Original Story: freep.com
A publicly traded specialty foods maker has acquired a Saline-based manufacturer of a popular line of wraps and flatbreads for $92 million.
Columbus, Ohio-based Lancaster Colony Corp.'s subsidiary T. Marzetti Co. purchased Flatout Holdings Inc., which is based about 10 minutes south of Ann Arbor. A Detroit business lawyer assists clients in business acquisitions and business transactions.
Mike and Stacey Marsh, husband-and-wife entrepreneurs who founded and grew Flatout, are expected to continue running the flatbread maker's bustling operation in Saline.
Mike Marsh told the Free Press that T. Marzetti Co. is expected to maintain and expand Flatout's current operations.
"We found a home with a very good strategic company that's been in the food business since the 1990s," Marsh said. "They wouldn't have made the investment if they didn't think they could continue to grow it. I think the growth will just continue on."
Flatout reported $42 million in net sales in 2014. The company has about 150 employees at its factory in a Saline industrial park.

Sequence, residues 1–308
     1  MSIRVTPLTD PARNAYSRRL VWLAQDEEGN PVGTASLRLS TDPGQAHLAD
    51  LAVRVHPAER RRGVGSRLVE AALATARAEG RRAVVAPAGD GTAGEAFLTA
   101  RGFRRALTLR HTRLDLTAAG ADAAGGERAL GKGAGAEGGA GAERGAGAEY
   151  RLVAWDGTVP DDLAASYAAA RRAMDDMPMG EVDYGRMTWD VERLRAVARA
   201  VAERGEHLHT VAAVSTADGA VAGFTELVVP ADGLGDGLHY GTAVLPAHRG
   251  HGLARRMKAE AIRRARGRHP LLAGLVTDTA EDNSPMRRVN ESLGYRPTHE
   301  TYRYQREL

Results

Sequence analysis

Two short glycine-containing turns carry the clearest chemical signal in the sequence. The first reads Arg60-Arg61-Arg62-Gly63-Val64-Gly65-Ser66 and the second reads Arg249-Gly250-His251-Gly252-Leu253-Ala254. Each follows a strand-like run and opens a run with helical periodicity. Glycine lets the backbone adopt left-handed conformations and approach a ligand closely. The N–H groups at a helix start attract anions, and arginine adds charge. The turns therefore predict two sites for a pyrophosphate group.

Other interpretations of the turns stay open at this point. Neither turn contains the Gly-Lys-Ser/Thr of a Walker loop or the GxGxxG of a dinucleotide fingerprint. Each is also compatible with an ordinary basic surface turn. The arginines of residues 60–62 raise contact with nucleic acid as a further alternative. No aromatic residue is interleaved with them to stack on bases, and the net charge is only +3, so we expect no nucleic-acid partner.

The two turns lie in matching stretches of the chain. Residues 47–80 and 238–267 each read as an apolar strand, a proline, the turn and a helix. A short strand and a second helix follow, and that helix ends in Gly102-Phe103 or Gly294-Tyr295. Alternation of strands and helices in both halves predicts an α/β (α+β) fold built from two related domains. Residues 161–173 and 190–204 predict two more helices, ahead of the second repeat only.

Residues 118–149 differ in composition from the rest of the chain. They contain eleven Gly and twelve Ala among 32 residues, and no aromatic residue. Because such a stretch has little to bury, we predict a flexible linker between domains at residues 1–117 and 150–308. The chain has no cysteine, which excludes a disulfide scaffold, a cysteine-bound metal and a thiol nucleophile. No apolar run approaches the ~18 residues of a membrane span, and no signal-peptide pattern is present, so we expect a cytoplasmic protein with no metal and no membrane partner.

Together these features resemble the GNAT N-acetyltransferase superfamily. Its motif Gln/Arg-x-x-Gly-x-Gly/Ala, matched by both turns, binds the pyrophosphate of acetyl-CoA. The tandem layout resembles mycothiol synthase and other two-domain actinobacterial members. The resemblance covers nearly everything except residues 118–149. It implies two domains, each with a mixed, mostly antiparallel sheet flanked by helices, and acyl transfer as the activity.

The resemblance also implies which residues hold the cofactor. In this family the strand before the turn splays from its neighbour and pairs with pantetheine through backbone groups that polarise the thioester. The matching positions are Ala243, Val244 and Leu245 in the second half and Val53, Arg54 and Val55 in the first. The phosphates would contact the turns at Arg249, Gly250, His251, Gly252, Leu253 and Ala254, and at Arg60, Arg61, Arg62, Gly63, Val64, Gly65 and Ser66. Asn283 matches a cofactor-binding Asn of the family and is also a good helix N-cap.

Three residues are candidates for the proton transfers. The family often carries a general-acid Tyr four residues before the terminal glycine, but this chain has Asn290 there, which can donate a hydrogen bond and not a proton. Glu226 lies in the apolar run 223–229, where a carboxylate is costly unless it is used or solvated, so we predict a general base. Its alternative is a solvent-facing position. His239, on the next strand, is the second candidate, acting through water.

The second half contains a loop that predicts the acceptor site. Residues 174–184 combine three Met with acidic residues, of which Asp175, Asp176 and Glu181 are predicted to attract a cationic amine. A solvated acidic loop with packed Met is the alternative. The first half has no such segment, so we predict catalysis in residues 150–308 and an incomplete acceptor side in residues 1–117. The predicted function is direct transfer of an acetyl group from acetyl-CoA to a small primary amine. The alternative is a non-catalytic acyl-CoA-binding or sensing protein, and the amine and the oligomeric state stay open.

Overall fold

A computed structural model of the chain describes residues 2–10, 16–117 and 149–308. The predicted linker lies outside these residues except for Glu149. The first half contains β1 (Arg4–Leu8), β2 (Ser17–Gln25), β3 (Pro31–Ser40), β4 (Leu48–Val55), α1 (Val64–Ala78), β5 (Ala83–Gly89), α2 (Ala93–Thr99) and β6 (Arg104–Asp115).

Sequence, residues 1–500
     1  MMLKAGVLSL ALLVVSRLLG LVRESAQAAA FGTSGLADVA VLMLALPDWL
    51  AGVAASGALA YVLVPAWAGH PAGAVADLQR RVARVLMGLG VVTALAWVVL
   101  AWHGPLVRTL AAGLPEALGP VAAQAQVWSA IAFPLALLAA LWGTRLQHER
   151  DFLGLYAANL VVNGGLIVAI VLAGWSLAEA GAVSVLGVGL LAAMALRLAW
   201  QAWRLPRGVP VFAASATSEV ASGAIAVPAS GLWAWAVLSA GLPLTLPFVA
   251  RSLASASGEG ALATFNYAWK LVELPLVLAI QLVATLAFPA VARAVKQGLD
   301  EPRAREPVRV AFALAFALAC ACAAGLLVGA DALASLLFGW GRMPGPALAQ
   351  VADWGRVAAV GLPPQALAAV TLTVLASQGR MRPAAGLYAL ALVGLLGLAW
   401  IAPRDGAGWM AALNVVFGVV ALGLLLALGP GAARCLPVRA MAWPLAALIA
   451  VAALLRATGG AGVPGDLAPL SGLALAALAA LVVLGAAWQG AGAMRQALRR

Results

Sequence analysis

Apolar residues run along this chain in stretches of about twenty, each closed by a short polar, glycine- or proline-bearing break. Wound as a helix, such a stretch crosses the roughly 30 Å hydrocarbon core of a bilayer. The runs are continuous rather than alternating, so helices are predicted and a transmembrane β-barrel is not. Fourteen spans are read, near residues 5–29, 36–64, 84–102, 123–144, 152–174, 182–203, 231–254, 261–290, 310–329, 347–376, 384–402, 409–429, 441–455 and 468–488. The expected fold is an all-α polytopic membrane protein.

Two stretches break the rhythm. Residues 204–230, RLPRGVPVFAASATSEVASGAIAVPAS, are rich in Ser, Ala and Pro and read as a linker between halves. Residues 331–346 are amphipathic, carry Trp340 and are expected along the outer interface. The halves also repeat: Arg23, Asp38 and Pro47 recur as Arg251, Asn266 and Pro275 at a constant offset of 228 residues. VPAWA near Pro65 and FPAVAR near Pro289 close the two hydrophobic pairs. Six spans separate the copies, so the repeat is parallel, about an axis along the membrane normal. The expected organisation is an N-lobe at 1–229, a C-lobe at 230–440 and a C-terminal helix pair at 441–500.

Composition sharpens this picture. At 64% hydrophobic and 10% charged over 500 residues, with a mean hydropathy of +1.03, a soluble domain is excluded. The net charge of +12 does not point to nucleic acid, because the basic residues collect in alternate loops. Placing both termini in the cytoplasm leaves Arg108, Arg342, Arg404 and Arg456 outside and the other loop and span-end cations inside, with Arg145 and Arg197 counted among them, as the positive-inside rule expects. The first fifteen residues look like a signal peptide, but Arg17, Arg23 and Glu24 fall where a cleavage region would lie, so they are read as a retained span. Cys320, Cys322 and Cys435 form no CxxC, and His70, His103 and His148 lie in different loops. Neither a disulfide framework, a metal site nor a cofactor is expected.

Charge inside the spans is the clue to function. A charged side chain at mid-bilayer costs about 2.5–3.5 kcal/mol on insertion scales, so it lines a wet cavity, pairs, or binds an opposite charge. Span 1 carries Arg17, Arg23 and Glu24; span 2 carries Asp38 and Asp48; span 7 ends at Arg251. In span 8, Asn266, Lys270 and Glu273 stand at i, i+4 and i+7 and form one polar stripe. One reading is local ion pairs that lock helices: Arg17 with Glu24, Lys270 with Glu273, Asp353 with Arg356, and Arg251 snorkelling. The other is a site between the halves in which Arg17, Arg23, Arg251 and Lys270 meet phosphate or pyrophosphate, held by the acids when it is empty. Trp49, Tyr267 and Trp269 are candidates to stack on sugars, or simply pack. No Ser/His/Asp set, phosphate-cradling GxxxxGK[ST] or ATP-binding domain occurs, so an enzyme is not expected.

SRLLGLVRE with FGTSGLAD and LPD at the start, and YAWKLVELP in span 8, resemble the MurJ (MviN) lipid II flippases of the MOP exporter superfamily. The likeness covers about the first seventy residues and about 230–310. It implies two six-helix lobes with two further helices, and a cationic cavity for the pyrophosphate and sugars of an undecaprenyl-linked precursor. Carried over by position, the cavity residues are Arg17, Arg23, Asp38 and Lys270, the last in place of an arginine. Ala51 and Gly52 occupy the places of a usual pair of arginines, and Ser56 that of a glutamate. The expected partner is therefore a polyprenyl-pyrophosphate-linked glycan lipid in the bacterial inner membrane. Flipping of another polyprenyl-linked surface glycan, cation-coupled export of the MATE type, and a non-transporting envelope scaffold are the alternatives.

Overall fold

The company, one of Washtenaw County's most successful food start-ups, was partially sold in 2010 to private equity firm North Castle Partners and Glencoe Capital. An Ohio business lawyer provides professional legal counsel in many aspects of business law.
North Castle, which specializes in consumer health products, as well as Glencoe Capital and other private shareholders have sold the entire company for cash to Lancaster.
Mike and Stacey Marsh retained a 35% stake in Flatout following the 2010 transaction. They sold their stake in the new deal with Lancaster, Mike said.
"We are very excited to add Flatout flatbreads to our specialty foods business as a better-for-you branded retail product with extraordinary taste, nutritional advantages and convenient versatility for most every eating occasion," said Bruce Rosa, president of T. Marzetti Co., in a statement.
Flatout traces its beginnings to an Ann Arbor sandwich shop the Marshes founded in the 1990s. They developed their signature flatbread product at that shop, which they eventually sold, and later secured deals to sell their product to Wendy's, McDonald's in Canada and Northwest Airlines.
Positioned along freight rail lines, the company hauls in flour by the trainload and operates around the clock.
Mike Marsh said the company plans to add a gluten-free line of products and a new line of products with higher protein.
Lancaster's brands include Marzetti salad dressings and dips, New York frozen breads and Sister Schubert's homemade rolls.